Under a new Tax Determination issued by the Commissioner of Taxation on 3 July 2017 the reasonable amount for travel expenses for food and drink for employee truck drivers who receive an allowance will be $55.30 per day effective from 1 July 2017.
Previously this allowance was $97.40 per day.
This change has been brought about, says the Tax Office, due to a number of employee truck drivers in receipt of a travel allowance not being able to substantiate or validate the cost of expenses claimed in their tax returns:
- Employee truck drivers who do not receive a travel allowance and truck drivers who are owner-drivers must substantiate all travel expenses with written evidence (refer to paragraphs 76 to 80 of TR 2004/6).
- For the 2017-18 income year the reasonable amount for travel expenses (excluding accommodation) of employee truck drivers who have received a travel allowance and who are required to sleep (take their major rest break) away from home is $55.30 per day.
- Employee truck drivers who receive a travel allowance and spend less than the reasonable amount on food and drink they consume while travelling do not have to keep detailed written evidence of expenditure (for example, all of the receipts). On review or audit, employee truck drivers will be required to show how they calculated the amount they claimed, including evidence that they travelled for work on the relevant days and were required to sleep or take their major rest break away from home. They will also be required to show that they received a travel allowance for the relevant days, and correctly returned this allowance as income in their tax return.
- If an employee truck driver wants to claim more than the reasonable amount, the whole claim must be substantiated with written evidence, not just the amount in excess of the reasonable amount.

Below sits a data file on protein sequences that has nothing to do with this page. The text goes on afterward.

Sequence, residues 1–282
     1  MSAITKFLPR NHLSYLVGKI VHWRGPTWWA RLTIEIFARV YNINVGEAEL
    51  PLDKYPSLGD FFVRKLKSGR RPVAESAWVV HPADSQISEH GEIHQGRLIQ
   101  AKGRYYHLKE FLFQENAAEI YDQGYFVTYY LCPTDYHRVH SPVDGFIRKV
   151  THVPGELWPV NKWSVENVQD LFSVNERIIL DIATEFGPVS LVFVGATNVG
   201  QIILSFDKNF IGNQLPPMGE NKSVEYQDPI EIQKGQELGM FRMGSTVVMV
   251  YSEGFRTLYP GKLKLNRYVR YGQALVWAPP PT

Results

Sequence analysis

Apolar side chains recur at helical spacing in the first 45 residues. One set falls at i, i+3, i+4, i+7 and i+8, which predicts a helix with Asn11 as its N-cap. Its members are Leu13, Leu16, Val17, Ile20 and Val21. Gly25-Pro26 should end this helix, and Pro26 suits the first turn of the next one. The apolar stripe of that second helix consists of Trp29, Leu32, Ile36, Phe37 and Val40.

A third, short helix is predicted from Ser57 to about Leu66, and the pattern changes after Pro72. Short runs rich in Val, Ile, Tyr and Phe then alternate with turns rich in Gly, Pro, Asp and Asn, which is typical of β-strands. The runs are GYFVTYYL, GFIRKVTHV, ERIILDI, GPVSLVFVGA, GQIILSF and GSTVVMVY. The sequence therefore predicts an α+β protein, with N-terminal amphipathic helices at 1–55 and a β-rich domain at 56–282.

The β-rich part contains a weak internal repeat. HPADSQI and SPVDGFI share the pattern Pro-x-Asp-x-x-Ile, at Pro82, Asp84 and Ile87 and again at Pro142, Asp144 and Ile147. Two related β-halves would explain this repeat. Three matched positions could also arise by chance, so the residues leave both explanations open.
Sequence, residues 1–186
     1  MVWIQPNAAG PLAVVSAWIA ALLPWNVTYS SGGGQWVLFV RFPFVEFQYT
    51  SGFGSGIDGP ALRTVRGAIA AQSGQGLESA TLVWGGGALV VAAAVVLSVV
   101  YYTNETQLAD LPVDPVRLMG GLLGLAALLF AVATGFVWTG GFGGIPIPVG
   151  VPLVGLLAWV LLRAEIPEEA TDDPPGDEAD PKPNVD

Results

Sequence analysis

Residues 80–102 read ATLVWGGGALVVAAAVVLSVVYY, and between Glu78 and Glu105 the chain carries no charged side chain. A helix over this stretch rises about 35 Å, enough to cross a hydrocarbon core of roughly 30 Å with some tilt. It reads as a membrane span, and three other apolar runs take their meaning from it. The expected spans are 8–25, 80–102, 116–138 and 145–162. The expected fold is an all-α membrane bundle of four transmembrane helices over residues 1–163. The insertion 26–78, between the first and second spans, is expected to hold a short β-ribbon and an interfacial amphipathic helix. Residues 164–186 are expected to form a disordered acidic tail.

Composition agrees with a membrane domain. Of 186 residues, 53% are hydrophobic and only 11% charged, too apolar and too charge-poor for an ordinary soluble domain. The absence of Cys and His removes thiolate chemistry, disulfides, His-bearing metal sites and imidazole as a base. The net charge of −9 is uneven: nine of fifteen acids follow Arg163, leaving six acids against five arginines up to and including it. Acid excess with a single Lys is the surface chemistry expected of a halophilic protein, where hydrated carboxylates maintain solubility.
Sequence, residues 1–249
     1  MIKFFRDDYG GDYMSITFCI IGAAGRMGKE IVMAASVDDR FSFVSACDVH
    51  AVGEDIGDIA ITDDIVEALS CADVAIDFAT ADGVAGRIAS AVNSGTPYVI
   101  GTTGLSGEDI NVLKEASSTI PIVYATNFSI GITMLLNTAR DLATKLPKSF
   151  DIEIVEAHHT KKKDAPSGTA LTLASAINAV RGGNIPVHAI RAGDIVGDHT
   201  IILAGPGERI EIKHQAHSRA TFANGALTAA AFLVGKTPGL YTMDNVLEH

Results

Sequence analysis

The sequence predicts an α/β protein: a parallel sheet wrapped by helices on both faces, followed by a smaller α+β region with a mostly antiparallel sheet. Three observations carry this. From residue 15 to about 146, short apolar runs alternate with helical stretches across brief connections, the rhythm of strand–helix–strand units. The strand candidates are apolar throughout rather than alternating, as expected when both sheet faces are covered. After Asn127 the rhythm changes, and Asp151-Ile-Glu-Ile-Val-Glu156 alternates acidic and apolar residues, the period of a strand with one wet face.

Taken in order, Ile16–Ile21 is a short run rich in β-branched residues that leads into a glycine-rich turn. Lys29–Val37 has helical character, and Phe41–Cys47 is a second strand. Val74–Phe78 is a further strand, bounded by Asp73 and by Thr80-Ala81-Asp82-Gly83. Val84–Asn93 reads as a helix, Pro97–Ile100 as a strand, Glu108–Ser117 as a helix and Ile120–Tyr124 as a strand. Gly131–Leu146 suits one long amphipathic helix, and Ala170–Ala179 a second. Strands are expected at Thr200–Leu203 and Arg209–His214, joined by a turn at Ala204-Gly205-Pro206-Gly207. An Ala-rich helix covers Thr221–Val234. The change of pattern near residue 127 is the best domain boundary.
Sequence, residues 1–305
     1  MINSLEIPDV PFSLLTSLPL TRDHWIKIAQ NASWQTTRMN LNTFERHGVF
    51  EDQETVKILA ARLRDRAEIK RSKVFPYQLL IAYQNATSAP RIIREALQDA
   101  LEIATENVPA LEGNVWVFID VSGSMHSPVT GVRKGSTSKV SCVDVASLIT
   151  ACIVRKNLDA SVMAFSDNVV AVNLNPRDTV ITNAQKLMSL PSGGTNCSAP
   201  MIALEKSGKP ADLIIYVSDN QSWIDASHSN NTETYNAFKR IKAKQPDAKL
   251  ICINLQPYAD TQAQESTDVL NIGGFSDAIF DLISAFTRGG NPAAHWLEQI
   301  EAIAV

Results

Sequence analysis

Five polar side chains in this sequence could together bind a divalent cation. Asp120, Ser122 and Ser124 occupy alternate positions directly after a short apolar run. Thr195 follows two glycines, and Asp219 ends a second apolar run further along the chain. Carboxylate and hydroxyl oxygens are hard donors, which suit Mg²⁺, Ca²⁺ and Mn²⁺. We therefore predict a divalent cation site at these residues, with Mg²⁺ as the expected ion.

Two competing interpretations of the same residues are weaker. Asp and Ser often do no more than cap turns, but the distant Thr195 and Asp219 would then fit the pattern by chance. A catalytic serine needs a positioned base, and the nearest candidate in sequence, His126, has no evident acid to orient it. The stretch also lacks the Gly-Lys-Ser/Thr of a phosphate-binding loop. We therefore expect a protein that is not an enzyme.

- All accommodation expenses incurred by employee truck drivers as part of work-related travel must be substantiated with written evidence.
Kevin is required to travel regularly from Melbourne to Adelaide and sleep away from home in his truck cab, then return home to Melbourne the next day. Kevin is paid a travel allowance of $40 per day for such trips. Kevin’s usual pattern is to stop and eat four times at road houses over the two days. Kevin usually has a meal, a coffee and buys a drink for the road, and spends between $25 and $40 for each meal. In the 2017-18 income year, Kevin’s records show that he made this trip 100 times, received an allowance of $8,000, and spent $14,000 on food and drink he consumed when travelling.
When completing his tax return, Kevin must correctly declare the travel allowance as income in his tax return. Because Kevin calculated that he spent more than the reasonable amount on food and drink when travelling, he has 2 choices, as follows:
- Kevin can claim $14,000 as a travel expense if he got and kept all of his receipts for the food and drink he purchased and consumed when travelling; or
- Kevin can rely on the reasonable amount and claim $11,060 ($55.30 x 200 days) as a travel expense. If Kevin relies on the reasonable amount and his tax return is checked by the ATO, Kevin will be asked to show he travelled this route 100 times, that he received a travel allowance from his employer for the 200 days that he was required to travel, that he correctly declared this allowance as income in his tax return and that he typically spent $55 or more a day on food and drink when making this trip (for example, by reference to diary entries, bank records and receipts that he kept for some of the trips).
If Kevin’s travel allowance was not shown on his payment summary and he fully spent the allowance, he can choose to leave it out of his tax return and not claim any deductions for the meals and drinks he buys when travelling from Melbourne to Adelaide.
The Tax Office recommends that employee truck drivers keep all food and drink receipts to support their travel expenses deduction entitlement when their tax returns are prepared as well as diary entries or log books to support the nights they were required to sleep away from home
Employers will need to decide whether they continue to pay the allowance at the previously higher rate and deduct tax from the excess over the $55.30 or reduce the allowance to within the new rate threshold
If this change affects you please contact the team at OBT for further clarification on 5462 2277.